Accounting firms are facing a significant staffing shortage.
Between the long hours, stressful deadlines and unflattering stereotype, more people are quitting the profession then going into it.
Instead, students straight out of college are choosing to pursue careers in related fields like investment banking, consulting or data analysis. The additional credit hours required to earn a Certified Public Accountant (CPA) license don’t help either.
To tap the next generation of number crunchers, The Deloitte Foundation, a national nonprofit that supports teaching, research and curriculum innovation in accounting and business, is trying a new strategy to address the talent pipeline problem — by appealing directly to teenagers.
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Together, Deloitte, Urban Assembly and Outlier.org, which works with schools to offer for-credit online college courses, are kicking off a dual enrollment pilot program in New York City.
Starting in the fall, some public high school juniors and seniors can take Intro to Financial Accounting and earn three college credits through the University of Pittsburgh, which they can then transfer to the college of their choice.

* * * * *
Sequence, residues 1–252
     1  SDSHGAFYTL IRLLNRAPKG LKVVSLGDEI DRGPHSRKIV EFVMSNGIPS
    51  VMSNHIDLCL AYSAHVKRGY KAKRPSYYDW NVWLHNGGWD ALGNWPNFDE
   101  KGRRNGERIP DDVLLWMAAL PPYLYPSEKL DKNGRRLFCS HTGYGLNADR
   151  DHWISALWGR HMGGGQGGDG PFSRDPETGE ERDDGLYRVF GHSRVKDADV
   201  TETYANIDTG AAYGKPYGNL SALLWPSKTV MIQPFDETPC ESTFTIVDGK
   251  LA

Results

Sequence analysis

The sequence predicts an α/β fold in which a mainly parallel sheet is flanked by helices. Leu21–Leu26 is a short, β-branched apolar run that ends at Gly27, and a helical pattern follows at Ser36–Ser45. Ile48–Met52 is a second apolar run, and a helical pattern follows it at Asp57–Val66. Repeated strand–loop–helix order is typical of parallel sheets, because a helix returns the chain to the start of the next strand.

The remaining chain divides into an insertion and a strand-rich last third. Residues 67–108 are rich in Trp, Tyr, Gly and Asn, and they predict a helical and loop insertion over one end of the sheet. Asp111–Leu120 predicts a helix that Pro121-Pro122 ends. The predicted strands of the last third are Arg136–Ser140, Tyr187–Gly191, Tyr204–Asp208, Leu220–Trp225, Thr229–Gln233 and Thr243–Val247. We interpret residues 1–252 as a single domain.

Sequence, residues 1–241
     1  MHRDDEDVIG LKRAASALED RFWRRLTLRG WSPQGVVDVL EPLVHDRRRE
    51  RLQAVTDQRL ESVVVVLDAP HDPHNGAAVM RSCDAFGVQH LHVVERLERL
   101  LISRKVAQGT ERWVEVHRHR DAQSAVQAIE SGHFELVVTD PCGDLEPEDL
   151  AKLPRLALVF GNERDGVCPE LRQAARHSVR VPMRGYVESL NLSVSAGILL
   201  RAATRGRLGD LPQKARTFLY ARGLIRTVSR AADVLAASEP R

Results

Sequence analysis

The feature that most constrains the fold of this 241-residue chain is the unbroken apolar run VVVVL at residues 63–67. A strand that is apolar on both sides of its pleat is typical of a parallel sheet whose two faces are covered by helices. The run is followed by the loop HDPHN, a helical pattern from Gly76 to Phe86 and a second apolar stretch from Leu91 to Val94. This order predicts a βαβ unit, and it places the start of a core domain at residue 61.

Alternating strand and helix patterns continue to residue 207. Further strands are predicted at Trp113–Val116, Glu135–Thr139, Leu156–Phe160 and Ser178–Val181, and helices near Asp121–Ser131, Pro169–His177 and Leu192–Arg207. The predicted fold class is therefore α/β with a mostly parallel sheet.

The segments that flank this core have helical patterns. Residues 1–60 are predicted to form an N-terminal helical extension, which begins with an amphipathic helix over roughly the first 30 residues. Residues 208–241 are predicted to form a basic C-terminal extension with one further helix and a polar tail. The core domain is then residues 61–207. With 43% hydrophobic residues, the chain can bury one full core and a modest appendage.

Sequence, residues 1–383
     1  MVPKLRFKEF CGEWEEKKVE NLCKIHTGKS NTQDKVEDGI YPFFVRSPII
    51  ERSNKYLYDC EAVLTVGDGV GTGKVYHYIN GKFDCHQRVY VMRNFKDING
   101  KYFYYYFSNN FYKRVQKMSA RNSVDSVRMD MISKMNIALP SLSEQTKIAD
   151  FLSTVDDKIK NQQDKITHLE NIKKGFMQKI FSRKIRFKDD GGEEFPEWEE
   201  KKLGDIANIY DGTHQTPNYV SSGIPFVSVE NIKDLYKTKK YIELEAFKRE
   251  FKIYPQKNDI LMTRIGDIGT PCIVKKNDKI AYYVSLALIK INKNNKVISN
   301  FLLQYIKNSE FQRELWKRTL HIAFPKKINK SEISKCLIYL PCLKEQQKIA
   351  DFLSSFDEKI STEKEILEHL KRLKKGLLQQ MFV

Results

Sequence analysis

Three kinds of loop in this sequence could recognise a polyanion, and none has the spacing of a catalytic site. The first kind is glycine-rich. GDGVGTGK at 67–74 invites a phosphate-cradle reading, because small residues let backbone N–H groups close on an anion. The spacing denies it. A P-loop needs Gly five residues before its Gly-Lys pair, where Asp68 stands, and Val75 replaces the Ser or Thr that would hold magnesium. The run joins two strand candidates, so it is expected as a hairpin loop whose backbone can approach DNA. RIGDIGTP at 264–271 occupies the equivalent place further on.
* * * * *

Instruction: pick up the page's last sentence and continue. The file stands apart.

Although it’s been around for decades, dual enrollment has only recently started to catch on as a way to knock out some college credits while still in high school, according to a report by the National Student Clearinghouse Research Center, which showed a jump in the number of students completing coursework this way.
Unlike Advanced Placement, these programs are not restricted to high school students on a specific — and often accelerated — academic track.
“I teach accounting through the lens of fraud and true crime to show students the side of this industry that is exciting and requires true grit and skill,” said Kelly Richmond Pope, an accounting professor at DePaul University and the course’s lead lecturer.
The goal is to inspire more diverse students to consider accounting careers and to potentially replicate this model in school districts across the country, according to Outlier’s CEO Aaron Rasmussen.
“Being able to expose accounting in an exciting way, to a diverse audience, is going to help,” he said.
The profession’s lack of diversity is another reason the industry has failed to attract young talent, separate studies show.
To that point, just 2% of CPAs are Black and 5% are Hispanic despite significant job opportunities in the field, according to a recent AICPA Trends Report.
Accounting often ranks among the top jobs with the best future outlook and six-figure salaries, according to other reports.